The best answer is to hold both. Gold for it's absolute certainty and stability, and silver because there's greater gains to be made (and it's the achilles heal to the entire economic system <id also point out that ever since Ron flashed that Silver OZ to Bernanke the metals have been kept in absolute check but I strongly suspect this will come to an end this spring)

    If you have 35k to invest I wouldn't spend all of it on PMs. I actually agree with Peter Schiff when he says the best investment one might make is actually food. Buying lots of food now and storing it away for the future may actually be the best investment you can make from a savings perspective.

    If I had 35k to invest in metals I would buy a Monster Box of Silver Eagles (which go on Ebay for about 16-17k, or can be bought on goldsilver.com for 16,100) and then i'd put the rest in 17 American Gold Buffalos or an assortment of different gold coins (Maples, Eagles, Krugs, Philharmonics).

    Like I said though, putting all of it in metals might not be the best idea.

    I personally believe the metals markets to be highly manipulated and because of that it can be very frustrating owning any of them (platinum and palladium are worth a look too btw) but getting into the metals market is very, very, exhausting... you're up against the greatest forces in the world- banking cartels.
    Last edited by NoOneButPaul; 02-25-2013 at 09:16 PM.
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    Gold for it's absolute certainty and stability,
    Nothing is absolutely certain.
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    Quote Originally Posted by amonasro View Post
    Zippy, given your complete knowledge of economics I'd think you'd be putting that to use at a day job, not here on rpf.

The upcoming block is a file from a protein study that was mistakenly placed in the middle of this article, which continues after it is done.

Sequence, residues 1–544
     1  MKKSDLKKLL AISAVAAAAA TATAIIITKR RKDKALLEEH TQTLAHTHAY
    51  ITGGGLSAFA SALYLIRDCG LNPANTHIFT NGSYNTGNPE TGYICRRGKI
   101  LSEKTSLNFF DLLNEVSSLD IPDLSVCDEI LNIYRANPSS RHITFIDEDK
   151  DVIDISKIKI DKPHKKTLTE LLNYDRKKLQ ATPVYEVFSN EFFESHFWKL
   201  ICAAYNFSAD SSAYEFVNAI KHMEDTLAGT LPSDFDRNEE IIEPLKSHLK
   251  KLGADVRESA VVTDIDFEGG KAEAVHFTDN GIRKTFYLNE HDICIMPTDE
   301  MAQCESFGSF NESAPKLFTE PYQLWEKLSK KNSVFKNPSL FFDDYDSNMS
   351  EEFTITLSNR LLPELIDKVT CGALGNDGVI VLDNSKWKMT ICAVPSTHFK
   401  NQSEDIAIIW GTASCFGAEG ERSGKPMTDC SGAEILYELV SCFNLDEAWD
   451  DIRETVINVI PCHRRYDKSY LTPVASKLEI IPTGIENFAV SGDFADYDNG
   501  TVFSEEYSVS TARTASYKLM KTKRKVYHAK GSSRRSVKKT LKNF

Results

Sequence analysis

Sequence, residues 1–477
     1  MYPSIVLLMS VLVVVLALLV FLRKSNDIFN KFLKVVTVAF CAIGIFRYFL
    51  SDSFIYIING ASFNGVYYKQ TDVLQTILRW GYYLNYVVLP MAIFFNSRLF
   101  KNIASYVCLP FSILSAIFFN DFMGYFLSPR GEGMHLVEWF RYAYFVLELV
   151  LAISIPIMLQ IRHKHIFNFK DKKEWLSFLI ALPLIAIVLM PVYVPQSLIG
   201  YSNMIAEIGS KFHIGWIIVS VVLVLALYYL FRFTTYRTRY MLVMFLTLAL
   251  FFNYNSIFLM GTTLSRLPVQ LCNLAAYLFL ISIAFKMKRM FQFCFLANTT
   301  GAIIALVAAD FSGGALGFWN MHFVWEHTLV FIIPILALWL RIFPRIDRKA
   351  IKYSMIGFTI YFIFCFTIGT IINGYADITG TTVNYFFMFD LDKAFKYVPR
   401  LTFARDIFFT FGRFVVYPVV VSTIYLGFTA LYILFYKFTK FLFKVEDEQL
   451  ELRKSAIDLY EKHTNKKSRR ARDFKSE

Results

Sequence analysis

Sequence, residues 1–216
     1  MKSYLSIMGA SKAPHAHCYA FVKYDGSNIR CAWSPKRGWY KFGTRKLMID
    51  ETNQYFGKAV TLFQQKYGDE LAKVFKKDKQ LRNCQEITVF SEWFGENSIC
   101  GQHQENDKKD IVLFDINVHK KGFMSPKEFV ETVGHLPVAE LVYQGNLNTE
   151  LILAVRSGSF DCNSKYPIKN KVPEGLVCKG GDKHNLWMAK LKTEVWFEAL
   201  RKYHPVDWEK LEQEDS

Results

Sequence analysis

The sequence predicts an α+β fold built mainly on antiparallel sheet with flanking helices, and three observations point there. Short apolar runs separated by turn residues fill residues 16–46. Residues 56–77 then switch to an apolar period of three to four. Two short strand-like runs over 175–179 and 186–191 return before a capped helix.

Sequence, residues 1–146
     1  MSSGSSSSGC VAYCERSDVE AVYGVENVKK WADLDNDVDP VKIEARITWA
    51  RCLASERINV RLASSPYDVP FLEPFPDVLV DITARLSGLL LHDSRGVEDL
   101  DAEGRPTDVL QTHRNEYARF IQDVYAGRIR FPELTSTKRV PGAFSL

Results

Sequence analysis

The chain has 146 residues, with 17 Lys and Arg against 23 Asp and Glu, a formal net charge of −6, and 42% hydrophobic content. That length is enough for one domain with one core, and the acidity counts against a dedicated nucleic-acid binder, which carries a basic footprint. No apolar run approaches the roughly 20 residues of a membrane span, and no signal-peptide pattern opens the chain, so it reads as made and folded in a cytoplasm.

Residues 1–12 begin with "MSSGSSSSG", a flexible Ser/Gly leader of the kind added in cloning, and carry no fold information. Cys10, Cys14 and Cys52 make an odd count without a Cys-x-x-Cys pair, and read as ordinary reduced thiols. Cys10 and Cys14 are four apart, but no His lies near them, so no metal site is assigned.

Anyway, rip Readers Digest. Nothing but a tiny magazine full of bad jokes, feel good stories and ads for big pharma.

    Readers Digest is just one of many businesses that stood the test of time that just can't keep up with fake money presses. Name any that can? They've killed them all. And people think the market is up?????????????????????????????????????//////

    I'm getting really worried. I'm hearing people talking about the stock market hitting an all time high (Low if you ask me.). I'm seeing commodities on the rise.

    I saw what I thought was the same thing happening a while back and the prices reached a point that it put honest employment over the line of profitability. We had layoffs. We had hours cut. The system crashed.

    After the crash I'm thinking all of the defaulting on loans pulled a lot of the counterfeit out of the system and stocks and commodities fell.

    After they fell it once again became barely profitable for employers and employees to once again make living. Barely a living but maybe enough profit for a biscuit at the end of the day. Traffic on the roads increased as did our hours.

    Now here we are again with taxes rising the value of the dollar falling.

    It was about a year and a half ago when we hit the ceiling before. Silver was at $40.00 and ounce.

    I'll bet with very little trouble we could look back to the ceiling in stocks and commodities before the housing bubble burst. Before that the crash to the NASDAQ and Silicon Valley wasn't it?

    It seems so senseless.

    AND CONTRIVED.


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    Last edited by Carson; 02-25-2013 at 09:37 PM.

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    Copper and Lumber taking a bath...

    http://futures.tradingcharts.com/chart/HG_/

    http://futures.tradingcharts.com/chart/LU/

    the home builders index funds are also selling off.

    Looks like blow off topping already in this nascent housing recovery. I expect home starts to follow. I smell recession.

  19. #18

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    Quote Originally Posted by Zippyjuan View Post
    Nothing is absolutely certain.
    Gold's close, especially in these times.
    It's just an opinion... man...

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    "these times" are certainly not typical. The sharp rise in price over the last few years is not usual for the price of gold.

    Last 30 years:


    And it may have already peaked- Last two years:


    http://goldprice.org/gold-price-history.html
    Last edited by Zippyjuan; 02-25-2013 at 11:09 PM.